I am wondering what is the difference between a Bitossi bull/Aldo Londi, and one by Jema Holland. Both bulls seem to be from the same mould, and have almost the same body markings.
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Re: Is this a Bitossi bull from Aldo Londi?

Postby wdel » January 13th, 2011, 10:38 am

Thank you for pointing out the similar looking Jema bull. The designs of Bitossi bulls are all very much alike but are always different because each piece is impressed and decorated by the hands of individual artists. I don't know if that is true of Jema products. Between the Bitossi bull and the Jema bull you will note that the Bitossi example is more robust whereas the Jema figure has a slighter body, especially about the girth of the waist just before the hindquarters, where it narrows in relation to the Bitossi bull. Also, note the thickness of the neck and chin of the Bitossi bull in comparison to the more curved and slender neck of the Jema bull.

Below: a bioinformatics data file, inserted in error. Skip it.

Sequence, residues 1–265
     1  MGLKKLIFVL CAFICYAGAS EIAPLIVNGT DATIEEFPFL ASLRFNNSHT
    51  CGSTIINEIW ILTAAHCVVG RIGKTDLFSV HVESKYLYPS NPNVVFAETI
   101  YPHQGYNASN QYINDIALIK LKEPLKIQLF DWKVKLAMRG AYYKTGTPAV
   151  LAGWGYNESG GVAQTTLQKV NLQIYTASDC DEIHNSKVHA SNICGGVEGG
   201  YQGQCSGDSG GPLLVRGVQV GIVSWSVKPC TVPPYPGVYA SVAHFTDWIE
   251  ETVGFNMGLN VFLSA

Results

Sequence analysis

Walter
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Re: Is this a Bitossi bull from Aldo Londi?

Postby 5kazam » January 15th, 2011, 7:56 pm

Walter, Thanks for that information. I have also noted that the back to the rump on a Bitossi bull is slightly concave, whereas the Jema bull (or at least my one) slopes down at the rump. I would assume that the Jema bulls are impressed and decorated by hand as well. Can you also please let me know what and where the markings for a true Bitossi bull are.